Malcolm Havard: Guest Post.

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Tell us a little about yourself and your writing.

I am a self-employed surveyor/researcher. I have flitted between working in academia and industry over the last 20 years, finally settling on my current working pattern around 8 years ago. I have never felt comfortable in a conventional job so having a portfolio of different things to do really suits me, however I also chose it to give me more flexibility to write. I was finishing off my first (terrible) novel at the time I made the switch and being self-employed gave me the opportunity to get it over the line. Since then I have got into the habit of treating writing as both recreation and a weird sort of work that I can justify dropping into most days. I have published four novels and a collection of short stories so far. My novels are The Last Mountain a thriller that explores human failings and ambition, Contrail, a 1950s aviation/spy story, Touched, a romantic supernatural story and The First Book of Gabriel, a Pratchett-like satirical comic novel.

How long have you been writing and how did you get started?

I came into creative writing from writing academic works and text books. In 1999-2001 I found myself having to write three huge projects, my PhD thesis (140,000 words) and two text books of 50,000 and 130,000 words. The first was written in formal, academic language, the latter two for knowledgeable but non-academic audiences. By the end of the process I had both got into the habit of fitting writing 3-5000 words into a normal working day and to pitching my output at different levels for different people. I found I had the urge to write more – in fact I couldn’t stop! – and to carry on the trajectory and write fiction for a much wider readership. The volume issue has, therefore, never been a problem, after the text books, 1000-1500 words of fiction is easy. The latter, writing fiction for a wide audience is much harder, it’s a craft that, 8 years later I am still learning!

  • What genres do you write?
  • Too many! I have written thrillers and supernatural romances but am probably settling on two that I prefer most of all, satirical comedy and historical fiction.
  • Why do you write under different genre?
  • I have very wide interests and I think this is reflected in what I enjoy writing. I would also get very bored if I did the same thing time-after-time.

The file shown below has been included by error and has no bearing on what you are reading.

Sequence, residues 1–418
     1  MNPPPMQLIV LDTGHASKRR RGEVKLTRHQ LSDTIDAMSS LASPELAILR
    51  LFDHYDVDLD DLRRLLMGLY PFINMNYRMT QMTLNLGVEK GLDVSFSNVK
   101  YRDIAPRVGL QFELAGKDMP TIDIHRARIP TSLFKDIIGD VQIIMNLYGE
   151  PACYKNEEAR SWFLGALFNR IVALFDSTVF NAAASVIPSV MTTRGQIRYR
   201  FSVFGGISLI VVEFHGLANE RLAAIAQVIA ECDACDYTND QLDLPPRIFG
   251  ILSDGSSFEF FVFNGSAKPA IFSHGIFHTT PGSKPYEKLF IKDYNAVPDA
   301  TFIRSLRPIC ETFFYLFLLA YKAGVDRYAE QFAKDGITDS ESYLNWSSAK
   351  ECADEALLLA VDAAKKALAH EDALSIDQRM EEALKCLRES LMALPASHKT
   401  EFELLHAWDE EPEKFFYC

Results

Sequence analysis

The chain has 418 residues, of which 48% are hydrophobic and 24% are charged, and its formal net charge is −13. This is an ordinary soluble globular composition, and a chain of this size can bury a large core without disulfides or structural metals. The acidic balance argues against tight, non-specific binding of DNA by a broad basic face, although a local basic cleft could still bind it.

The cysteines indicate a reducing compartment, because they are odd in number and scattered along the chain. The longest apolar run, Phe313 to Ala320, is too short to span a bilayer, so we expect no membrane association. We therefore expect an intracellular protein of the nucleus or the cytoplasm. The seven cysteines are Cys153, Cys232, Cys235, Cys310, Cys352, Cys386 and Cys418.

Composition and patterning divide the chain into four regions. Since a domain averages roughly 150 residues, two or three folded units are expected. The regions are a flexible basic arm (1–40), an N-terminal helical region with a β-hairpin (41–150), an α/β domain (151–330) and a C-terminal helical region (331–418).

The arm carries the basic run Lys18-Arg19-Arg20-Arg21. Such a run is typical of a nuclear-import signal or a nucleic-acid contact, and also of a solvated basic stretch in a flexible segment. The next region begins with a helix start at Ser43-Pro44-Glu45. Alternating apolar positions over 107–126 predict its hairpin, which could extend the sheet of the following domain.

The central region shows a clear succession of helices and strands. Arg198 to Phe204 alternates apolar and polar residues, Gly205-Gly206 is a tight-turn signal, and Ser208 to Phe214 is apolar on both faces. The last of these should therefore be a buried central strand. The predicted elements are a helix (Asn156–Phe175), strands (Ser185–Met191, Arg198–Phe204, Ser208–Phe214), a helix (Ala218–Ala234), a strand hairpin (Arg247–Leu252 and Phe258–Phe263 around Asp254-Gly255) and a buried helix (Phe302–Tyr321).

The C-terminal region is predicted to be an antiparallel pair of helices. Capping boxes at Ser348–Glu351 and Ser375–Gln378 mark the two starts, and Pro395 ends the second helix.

• Do you get the same readers for both genres? If not, in what ways do you think they are different?
  • No, I get very different readers, which is an issue and underlines why I should specialise in just one or two. An author needs to build up a following and it is easier to do this if the author is not chopping and changing all the time.
  • What do you like to do when you’re not writing, and does it come in useful for your stories?
  • I love the outdoors, walking, running, camping, kayaking and skiing. Walking and running certainly helps me to work out plots and characters. I also travel a fair bit with work and this helps me to observe and to write whilst travelling or waiting to go somewhere. There is something special about writing in a public place, and it’s where I’ve done some of my best work.
  •  What is at the root of your current book/story?I have tried something adventurous with the structure because it is essentially not one novel but two. One half is a conventional third person book with the story told through a handful of viewpoints and has normal length chapters. This, conventional, part is wrapped around and forms the top and tail to the eleven days itself, which is told in close third person from the viewpoint of one of my characters as he is thrown into the maelstrom of Bloody April and is told on a day-by-day basis. My intention is to trap the reader in the story and give them no rest and no relief, just as my character has no escape from his duty. Is there any genre or style of writing you haven’t tried but would like to?
  • Do you have a different persona/name for each genre?
  • No
  • What is the best piece of writing advice you’ve ever received?
  • Listen to criticism. Even as an experienced writer our own view of our work is too narrow, and our position too close to our words and characters to be truly critical. I had done a lot of writing before I joined the Renegades but I have improved beyond measure by trying to listen to the criticism given to me over the last 3 years. It can be hard, it’s sometimes painful, it’s easy to become over-defensive, but it is invaluable.